“There is no real vision for Republican energy policy,” said Democrat Frank Pallone of New Jersey, ranked in Energy and Commerce. “They are reduced to defending their oil and gas interests and attacking President Biden’s successful efforts to lower gas prices for Americans.”

“The bill would significantly weaken a critical tool for energy security, resulting in greater oil supply shortages and higher gas prices for working families,” the Biden administration’s policy statement said. “This administration’s use of the Strategic Petroleum Reserve (SPR) has been essential in protecting our energy security and in bringing down gas prices for Americans.”

One criticism centered on the idea that more leases do not necessarily lead to more oil reserves.

Energy companies already hold thousands of federal land and water leases that are not being used for oil exploration. Auctioning more leases would do little to increase the supply of oil in the short term or lower the price of gas, Democrats said.

“There is no relationship between opening more federal lands for oil and gas production and the price Americans pay at the pump,” said Colorado Democrat Diana DeGette. “None. And instead of helping to bring prices down for consumers, what this bill does is actually make it harder for future administrations to respond.”

Among the dozen failed Democratic amendments was one by Nevada Susie Lee that would have banned the leasing of land deemed to have low potential for oil and gas.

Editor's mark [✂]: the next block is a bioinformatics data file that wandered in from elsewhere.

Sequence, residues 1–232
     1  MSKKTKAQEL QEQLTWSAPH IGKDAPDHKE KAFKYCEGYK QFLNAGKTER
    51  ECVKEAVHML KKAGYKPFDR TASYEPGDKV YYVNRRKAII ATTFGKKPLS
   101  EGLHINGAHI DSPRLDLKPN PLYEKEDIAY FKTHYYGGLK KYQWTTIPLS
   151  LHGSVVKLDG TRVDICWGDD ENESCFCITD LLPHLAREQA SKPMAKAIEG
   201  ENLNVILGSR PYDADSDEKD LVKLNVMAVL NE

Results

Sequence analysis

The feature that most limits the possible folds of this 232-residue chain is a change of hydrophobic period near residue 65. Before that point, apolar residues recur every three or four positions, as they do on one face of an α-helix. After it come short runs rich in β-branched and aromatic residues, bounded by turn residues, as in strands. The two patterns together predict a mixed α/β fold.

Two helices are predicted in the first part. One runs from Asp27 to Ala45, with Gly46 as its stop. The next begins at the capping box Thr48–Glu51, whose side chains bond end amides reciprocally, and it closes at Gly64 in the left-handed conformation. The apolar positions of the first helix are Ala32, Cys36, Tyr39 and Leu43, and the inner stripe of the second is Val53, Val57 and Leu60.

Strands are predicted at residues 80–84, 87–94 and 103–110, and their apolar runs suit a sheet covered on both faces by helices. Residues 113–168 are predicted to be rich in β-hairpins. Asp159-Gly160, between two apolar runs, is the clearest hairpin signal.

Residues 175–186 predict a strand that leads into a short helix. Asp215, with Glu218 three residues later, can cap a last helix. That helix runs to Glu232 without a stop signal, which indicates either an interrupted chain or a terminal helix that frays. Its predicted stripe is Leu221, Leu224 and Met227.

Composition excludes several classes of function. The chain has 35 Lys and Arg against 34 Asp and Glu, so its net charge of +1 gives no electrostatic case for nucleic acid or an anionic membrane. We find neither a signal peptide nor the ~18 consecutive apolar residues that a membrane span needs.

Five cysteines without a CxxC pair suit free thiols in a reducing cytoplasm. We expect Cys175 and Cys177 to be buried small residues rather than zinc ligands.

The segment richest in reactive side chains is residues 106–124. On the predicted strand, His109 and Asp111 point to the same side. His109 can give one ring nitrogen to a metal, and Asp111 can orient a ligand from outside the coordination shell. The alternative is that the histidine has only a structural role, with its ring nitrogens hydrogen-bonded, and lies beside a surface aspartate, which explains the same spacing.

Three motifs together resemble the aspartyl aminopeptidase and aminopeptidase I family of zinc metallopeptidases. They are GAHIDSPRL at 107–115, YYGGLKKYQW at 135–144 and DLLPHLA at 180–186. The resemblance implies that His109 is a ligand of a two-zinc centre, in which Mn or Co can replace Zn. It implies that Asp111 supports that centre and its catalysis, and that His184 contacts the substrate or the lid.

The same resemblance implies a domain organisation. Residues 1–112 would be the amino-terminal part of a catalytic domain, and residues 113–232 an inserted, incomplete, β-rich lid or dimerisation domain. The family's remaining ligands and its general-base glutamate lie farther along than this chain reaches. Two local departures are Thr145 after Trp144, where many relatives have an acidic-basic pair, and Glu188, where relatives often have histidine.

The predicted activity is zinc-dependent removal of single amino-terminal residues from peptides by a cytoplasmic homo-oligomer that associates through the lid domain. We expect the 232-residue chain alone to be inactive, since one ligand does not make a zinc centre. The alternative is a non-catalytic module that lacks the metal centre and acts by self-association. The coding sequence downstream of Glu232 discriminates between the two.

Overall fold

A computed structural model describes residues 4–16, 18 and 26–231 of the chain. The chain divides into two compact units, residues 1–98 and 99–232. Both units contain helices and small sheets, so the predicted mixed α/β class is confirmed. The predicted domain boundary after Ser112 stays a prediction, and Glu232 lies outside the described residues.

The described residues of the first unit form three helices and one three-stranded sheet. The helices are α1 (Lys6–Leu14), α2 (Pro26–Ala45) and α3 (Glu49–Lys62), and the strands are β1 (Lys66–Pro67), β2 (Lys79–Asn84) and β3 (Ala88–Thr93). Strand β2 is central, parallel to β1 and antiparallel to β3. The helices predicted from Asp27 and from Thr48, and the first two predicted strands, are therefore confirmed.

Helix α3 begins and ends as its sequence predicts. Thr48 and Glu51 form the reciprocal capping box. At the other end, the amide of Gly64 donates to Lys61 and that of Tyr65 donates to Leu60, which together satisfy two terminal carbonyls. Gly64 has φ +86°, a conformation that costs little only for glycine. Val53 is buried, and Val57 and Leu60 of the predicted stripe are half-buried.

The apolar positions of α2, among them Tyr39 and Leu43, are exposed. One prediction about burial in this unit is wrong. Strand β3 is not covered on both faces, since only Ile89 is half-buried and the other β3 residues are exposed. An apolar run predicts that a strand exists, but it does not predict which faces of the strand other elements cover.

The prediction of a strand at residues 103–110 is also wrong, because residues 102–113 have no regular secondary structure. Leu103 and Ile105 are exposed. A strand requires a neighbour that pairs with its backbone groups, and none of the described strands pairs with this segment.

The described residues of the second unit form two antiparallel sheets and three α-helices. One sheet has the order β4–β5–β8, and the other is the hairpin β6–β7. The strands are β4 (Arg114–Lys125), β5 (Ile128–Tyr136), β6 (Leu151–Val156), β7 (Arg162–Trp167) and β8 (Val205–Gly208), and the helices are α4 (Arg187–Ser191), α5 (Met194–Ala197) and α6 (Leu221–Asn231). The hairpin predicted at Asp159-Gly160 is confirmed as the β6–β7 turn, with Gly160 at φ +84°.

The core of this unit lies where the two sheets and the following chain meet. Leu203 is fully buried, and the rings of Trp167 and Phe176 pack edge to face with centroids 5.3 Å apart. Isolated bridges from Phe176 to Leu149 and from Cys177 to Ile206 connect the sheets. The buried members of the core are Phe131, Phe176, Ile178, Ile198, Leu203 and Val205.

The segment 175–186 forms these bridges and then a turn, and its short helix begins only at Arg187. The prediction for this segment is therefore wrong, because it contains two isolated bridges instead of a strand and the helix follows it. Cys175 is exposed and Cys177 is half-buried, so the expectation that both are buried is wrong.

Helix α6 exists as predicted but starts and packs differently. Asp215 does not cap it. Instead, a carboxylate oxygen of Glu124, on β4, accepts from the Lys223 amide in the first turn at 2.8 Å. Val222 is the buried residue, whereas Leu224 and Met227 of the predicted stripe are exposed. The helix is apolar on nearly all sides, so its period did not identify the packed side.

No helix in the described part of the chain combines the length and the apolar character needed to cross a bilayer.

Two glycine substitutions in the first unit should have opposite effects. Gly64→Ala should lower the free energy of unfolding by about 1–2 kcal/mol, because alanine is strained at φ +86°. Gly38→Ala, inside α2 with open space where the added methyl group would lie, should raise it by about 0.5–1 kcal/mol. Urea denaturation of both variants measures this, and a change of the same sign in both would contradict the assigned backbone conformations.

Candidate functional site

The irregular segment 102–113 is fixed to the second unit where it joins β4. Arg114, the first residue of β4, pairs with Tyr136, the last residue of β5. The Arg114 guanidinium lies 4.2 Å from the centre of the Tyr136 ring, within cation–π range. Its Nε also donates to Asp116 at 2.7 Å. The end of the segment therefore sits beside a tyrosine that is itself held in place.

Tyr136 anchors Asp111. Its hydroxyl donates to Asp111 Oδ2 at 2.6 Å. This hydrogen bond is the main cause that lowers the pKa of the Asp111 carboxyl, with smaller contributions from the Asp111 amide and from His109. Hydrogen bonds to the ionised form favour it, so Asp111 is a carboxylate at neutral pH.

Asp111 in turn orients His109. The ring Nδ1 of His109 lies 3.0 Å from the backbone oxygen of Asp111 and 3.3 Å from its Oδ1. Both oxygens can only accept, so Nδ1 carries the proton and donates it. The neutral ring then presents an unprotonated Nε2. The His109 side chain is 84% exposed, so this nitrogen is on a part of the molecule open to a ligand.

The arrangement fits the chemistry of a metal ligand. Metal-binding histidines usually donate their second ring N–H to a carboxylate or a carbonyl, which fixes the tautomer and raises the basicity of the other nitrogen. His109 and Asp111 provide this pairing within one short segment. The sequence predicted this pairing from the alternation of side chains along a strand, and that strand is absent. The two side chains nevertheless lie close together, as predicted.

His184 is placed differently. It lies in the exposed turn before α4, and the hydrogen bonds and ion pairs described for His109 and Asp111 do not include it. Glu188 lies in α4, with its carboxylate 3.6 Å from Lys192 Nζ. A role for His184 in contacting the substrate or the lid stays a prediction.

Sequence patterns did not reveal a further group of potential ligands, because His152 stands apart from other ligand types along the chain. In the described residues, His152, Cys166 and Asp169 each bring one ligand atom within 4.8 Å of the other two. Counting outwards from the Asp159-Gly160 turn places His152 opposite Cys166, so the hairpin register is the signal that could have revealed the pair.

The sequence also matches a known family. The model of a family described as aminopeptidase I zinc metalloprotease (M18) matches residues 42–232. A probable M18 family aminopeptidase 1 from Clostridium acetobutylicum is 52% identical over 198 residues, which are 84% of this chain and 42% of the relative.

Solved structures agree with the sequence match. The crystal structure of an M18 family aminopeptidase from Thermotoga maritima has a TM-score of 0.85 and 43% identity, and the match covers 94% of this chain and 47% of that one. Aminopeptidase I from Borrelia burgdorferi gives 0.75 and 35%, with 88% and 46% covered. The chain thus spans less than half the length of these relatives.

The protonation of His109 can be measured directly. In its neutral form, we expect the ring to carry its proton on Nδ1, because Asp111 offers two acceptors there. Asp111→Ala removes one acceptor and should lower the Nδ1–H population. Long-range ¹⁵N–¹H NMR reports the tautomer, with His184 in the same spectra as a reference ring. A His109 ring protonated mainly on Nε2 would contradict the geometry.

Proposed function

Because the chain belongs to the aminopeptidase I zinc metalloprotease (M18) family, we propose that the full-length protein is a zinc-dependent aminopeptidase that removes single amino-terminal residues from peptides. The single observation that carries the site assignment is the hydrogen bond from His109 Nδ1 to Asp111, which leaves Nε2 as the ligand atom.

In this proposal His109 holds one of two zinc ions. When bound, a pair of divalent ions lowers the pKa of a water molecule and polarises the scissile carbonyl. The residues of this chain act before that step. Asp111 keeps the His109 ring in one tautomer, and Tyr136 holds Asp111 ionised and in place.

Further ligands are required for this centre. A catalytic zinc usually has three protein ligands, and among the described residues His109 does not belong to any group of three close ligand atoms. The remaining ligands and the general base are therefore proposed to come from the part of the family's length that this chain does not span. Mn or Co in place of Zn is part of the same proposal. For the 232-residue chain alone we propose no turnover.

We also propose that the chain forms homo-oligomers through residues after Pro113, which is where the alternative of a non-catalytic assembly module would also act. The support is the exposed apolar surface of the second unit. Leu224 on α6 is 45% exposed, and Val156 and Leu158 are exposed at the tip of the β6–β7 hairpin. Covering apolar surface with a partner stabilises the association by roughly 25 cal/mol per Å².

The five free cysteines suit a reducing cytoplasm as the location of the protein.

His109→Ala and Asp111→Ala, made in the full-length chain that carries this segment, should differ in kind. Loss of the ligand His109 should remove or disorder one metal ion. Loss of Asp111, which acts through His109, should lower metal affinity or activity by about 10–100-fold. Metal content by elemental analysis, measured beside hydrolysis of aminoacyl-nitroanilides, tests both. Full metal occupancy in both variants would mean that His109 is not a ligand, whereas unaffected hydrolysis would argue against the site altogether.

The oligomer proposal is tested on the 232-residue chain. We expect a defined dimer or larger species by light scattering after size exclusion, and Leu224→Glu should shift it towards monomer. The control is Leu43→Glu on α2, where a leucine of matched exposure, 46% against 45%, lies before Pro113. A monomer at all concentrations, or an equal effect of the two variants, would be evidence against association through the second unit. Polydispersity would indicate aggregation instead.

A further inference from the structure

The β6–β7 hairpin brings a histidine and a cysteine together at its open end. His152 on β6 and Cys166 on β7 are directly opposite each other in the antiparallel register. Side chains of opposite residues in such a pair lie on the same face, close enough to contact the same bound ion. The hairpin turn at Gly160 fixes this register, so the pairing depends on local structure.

Democrats and environmentalists generally oppose oil companies leasing lands with little potential, saying those lands would be better used for conservation or recreation.

Second invoice this year in reserve

The measure was the second bill passed by the House this year related to the Strategic Petroleum Reserve.

The first was a measure that banned the sale of the crude oil reserves to China or state-backed Chinese companies. That bill passed on January 12 with widespread bipartisan support.

Republican US Senators John Barrasso of Wyoming and Susan Collins of Maine co-sponsored a similar bill, as did Ted Cruz of Texas. None have Democratic co-sponsors yet.

Barrasso also introduced a similar bill to the one passed by the House on Friday.

56 votes on the amendments

The House took two days, Thursday and Friday, to review the bill under amended open rule, a process that has become rare in recent decades and does not limit any relevant amendments filed by a certain deadline.

Members tabled nearly 150 amendments and voted for 56, rejecting most of them. Others were found to be irrelevant to the bill and received no votes.

Of those that have passed, several have restricted or opened up specific areas for oil exploration.

The amendments offered by Republicans Matt Gaetz of Florida and Nancy Mace of South Carolina stated that existing restrictions on drilling off the coast of those states would still be in effect if the bill becomes law.

U.S. Representative Lauren Boebert, a Republican from Colorado, successfully wrote an amendment that would require any plans for further leasing under the bill that would include identifying portions of the Thompson Divide in her district to be leased.

Another Boebert amendment raised the limit on total land and water offered for lease from 10% to 15%.

The House adopted an amendment by New Jersey Democrat Josh Gottheimer requiring that any withdrawals from the reserve not be sold to China, Iran, North Korea or Russia.

The amendment would expand the bill passed by the House two weeks earlier that only banned sales in China.

(Photo by Obi Onyeador on Unsplash)